I think I felt this way because I’ve never really seen my dad the way they paint addicts on TV or in movies.  Some empty monster with a train wreck of a life.  I saw him as a person.  There wasn’t a fight we could get into that I wouldn’t move on from.  He was just my dad and that was the way he was.  Stubbornly clinging to the point he would be trying to make, always having to have the last word — which wasn’t at all unlike myself.  I knew he had a drinking problem, obviously, but I could only see the what ifs, what he could have been, an as a man trapped in a deep hole, not sure how to climb out, but also too proud to call out for help.  As a man with something buried so deep in his subconscious that even he didn’t know why he needed to constantly drown it with vodka.  Sure, sometimes (a lot of times) I’d feel angry, wondering why my family felt like a normal mom with two kids, but a crabby husband and a lot of yelling at night.  But if you took all of my childhood emotions and averaged them, they would easily come out to sympathy.  And because of that, it was hard to stomach the idea of possibly replacing my dad emotionally, and in my heart.  And during holidays, when I would stop by and see my dad, but always end up with my mom and KR for the celebrations.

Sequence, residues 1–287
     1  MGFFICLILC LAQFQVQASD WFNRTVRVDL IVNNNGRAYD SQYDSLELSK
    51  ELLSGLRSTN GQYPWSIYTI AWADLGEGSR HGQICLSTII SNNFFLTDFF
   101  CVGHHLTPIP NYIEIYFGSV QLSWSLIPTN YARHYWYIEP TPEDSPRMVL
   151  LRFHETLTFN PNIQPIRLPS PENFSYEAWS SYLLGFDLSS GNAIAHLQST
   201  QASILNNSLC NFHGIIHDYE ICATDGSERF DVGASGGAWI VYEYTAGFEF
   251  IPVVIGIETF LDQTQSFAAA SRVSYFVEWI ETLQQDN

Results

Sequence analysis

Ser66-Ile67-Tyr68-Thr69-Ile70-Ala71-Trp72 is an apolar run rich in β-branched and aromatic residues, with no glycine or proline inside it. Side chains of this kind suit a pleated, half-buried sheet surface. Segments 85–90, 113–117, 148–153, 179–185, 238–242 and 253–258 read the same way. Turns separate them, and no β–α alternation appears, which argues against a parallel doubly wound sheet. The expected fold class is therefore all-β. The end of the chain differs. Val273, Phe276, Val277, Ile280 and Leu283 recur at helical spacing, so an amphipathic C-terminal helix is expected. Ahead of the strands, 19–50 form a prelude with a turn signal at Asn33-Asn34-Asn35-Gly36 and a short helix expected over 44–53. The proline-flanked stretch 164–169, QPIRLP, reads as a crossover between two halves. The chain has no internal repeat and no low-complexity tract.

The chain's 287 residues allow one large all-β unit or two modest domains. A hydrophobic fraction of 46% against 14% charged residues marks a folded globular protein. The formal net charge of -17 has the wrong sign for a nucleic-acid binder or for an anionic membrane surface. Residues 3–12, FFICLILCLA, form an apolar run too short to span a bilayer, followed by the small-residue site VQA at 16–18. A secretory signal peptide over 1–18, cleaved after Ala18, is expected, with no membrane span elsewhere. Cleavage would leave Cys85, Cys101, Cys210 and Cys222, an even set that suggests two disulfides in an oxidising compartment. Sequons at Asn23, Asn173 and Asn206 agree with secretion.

However, now that I am 26, almost 27, I think I’ve come to terms with my feelings, and I’ve realized a few things.

That there is no right or wrong way to feel.

That KR wasn’t necessarily replacing my dad, but merely picking up where he left off.

That people are in your life for a reason, and it’s not wrong for you to recognize two men serving the role that society says is typically served by one.  Parental figures are not “blood-relation only,” and whether or not my dad would have hurt feelings is not enough of a reason to short a very decent man the recognition in my life that he deserves.

Anthony very simply put it all into perspective one day when I was voicing my feelings on the issue with a reference from the movie “Click,” easily one of my favorites from Adam Sandler.  There was a scene a little more than halfway through where Adam Sandler’s wife had remarried, and the daughter, ironically named Samantha had a line that was so plain, yet so obvious.  Just not to me;

“I have two fathers now.”

So this year, for the first time in my life, I’m sending two Father’s Day cards.

One for my dad.  And one for “Kurt Russel.”

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5 thoughts on “let’s talk dads.

  1. “That there is no right or wrong way to feel.” It’s taken me nearly 33 years to realise this! It’s something that had been praying on my mind for most of this year with someone telling me that what I was feeling wasn’t right, which isn’t fair at best and is abusive at worst (it’s actually gaslighting). You feel something because you feel it, and it’s not up for debate whether that hurts someone else or not.

    Loved the post and it’s great that you’ve come to a conclusion from a difficult situation that you are happy with. For what it’s worth, I think you’ve arrived at the right thing.

    Liked by 1 person

    1. Thank you so much! 🙂 and I so agree. Fortunately in this situation, I was my own enemy, telling myself how to feel, but you’re so right. Feeling is feeling. It’s not right or wrong, it just is.

      Like